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Museum of Modern Art – Moscow – 2010

Nov 04, 2010 Comments Off

Philippe Pasqua, Peintures et dessins, Moscow Museum of Modern Art, organisé par Marc Ivalevitch et David Rosenberg

2010Moscow Museum of Modern Art is the first state museum in Russia that concentrates its activities exclusively on the art of the 20th and 21st centuries. Since its inauguration, the Museum has expanded its strategies and achieved a high level of public acknowledgement. Today the Museum is an energetic institution that plays an important part on the Moscow art scene.

Moscow Museum of Modern Art was unveiled on December 15, 1999, with the generous support of the Moscow City Government, Moscow City Department of Culture and Yuri Luzhkov, the Mayor of Moscow. Its founding director was Zurab Tsereteli, President of the Russian Academy of Arts. His private collection of more than 2.000 works by important 20th century masters was the core of the Museum’s permanent display. Later on, the Museum’s keepings were enriched considerably, and now this is one of the largest and most impressive collections of modern and contemporary Russian art, which continues to grow through acquisitions and donations.

Today the Museum has three venues in the historic centre of Moscow. The main building, which houses the permanent collection and holds temporary exhibitions, is situated on Petrovka street, in the eighteenth-century mansion originally belonging to merchant Gubin, desiged by the renowned neoclassical architect Matvey Kazakov. Apart from that, the Museum owns two splendid exhibition venues: a vast five-storey building in Ermolaevsky lane, and a spacious gallery in Tverskoy boulevard, both fully refurbished for hosting large-scale projects.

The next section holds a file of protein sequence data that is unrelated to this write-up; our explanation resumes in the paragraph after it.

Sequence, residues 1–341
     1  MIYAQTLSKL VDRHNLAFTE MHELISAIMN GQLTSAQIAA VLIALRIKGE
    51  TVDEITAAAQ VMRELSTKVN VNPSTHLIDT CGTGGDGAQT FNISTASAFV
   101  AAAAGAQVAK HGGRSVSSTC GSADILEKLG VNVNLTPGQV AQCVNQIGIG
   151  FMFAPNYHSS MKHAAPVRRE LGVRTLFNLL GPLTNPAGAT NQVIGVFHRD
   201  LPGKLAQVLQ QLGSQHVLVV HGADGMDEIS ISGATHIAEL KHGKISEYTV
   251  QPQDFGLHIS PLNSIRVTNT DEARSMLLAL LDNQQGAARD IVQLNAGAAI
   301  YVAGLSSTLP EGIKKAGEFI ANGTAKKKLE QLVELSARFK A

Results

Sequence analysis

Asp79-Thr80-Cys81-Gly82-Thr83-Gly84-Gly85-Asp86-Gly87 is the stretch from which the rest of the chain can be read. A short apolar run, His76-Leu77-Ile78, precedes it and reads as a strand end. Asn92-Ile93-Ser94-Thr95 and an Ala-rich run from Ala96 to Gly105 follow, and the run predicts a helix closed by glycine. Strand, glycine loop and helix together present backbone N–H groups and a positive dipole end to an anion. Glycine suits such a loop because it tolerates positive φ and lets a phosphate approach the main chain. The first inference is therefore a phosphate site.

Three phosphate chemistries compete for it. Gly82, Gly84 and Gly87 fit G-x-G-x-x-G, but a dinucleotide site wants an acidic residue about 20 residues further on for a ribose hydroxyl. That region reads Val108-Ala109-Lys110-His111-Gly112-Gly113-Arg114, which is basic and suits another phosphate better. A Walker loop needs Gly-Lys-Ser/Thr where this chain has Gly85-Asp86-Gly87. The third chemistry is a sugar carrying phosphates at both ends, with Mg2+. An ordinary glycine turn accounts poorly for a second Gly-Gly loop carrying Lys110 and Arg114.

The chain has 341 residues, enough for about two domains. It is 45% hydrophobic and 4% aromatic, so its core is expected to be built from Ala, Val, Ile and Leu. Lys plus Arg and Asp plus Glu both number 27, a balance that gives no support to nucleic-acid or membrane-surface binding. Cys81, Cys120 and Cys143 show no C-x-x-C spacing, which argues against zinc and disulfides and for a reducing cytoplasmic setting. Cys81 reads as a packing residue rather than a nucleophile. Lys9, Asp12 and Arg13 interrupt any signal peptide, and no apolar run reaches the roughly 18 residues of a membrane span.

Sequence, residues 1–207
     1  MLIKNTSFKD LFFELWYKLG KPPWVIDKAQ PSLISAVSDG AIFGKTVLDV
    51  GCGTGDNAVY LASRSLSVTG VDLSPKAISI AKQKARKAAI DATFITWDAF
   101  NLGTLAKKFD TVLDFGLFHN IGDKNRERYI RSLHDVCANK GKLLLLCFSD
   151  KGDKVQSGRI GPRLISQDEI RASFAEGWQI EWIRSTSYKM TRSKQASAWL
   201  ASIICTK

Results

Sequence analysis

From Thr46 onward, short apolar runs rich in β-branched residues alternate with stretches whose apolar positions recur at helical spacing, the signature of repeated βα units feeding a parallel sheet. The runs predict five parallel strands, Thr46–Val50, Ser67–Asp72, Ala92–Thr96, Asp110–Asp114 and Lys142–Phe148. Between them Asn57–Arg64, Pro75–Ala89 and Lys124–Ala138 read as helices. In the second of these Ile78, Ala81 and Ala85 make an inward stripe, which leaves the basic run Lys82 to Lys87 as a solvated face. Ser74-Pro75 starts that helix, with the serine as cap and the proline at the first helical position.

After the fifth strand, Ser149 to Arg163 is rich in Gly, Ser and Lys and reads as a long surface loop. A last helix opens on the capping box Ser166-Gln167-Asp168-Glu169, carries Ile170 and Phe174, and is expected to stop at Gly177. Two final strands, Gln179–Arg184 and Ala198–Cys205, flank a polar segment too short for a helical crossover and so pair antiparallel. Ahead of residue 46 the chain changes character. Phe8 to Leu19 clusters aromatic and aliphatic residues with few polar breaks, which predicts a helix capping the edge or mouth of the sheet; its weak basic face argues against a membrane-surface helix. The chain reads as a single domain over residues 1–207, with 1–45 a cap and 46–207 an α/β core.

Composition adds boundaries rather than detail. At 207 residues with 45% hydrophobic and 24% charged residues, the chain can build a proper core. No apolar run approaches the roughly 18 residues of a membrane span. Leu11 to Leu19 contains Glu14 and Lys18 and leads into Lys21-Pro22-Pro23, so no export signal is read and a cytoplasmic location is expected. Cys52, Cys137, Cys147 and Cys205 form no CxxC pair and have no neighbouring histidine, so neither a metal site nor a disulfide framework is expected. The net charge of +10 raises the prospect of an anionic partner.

Curators: Michel and Mark Ivasilevitch, David Rosenberg
The «Painting and Drawing» exhibition of the French artist Philippe Pasqua occurred in the Moscow Museum of Modern Art as part of the France-Russia Year. It displayed to the viewers token canvases, produced by the artist during the recent 10 years. The show contained more than 30 large-size artworks, touching upon the main topics of Pasqua’s oeuvre, i. e. confidence, cruelty, reflection of the seamy side of human nature.

The starting and final points for Philippe Pasqua are his sitters. The artist’s watchful eye notices individual features, the essence of each person. Pasqua’s artistic credo is uncompromising research of human nature and nature of the society. He is interested in the subject of standards as well as breach and violation of limits. If Pasqua’s paintings depict the flesh only, then outlines of the human body are softened and airy in his drawings.
Pasqua’s pictures are associated with artworks by Lucian Freud and Jenny Saville, but a single glance is enough to recognize his unique style.

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